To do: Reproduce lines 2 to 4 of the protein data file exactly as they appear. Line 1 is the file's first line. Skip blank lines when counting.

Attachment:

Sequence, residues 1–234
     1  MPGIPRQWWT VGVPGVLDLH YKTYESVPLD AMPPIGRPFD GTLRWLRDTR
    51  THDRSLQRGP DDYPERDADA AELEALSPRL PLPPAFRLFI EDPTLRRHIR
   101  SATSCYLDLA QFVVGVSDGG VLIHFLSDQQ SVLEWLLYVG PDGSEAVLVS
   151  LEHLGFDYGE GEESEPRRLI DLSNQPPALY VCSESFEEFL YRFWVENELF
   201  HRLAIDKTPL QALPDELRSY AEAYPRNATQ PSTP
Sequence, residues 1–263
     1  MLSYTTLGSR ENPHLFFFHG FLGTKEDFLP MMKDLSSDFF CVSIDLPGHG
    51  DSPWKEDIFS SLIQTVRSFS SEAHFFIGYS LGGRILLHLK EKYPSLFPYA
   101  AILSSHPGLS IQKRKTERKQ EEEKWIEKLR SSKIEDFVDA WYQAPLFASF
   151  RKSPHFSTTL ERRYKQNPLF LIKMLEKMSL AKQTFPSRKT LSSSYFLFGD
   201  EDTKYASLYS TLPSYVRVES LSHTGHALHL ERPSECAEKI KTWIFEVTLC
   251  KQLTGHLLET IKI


     1  MPGIPRQWWT VGVPGVLDLH YKTYESVPLD AMPPIGRPFD GTLRWLRDTR
    51  THDRSLQRGP DDYPERDADA AELEALSPRL PLPPAFRLFI EDPTLRRHIR
   101  SATSCYLDLA QFVVGVSDGG VLIHFLSDQQ SVLEWLLYVG PDGSEAVLVS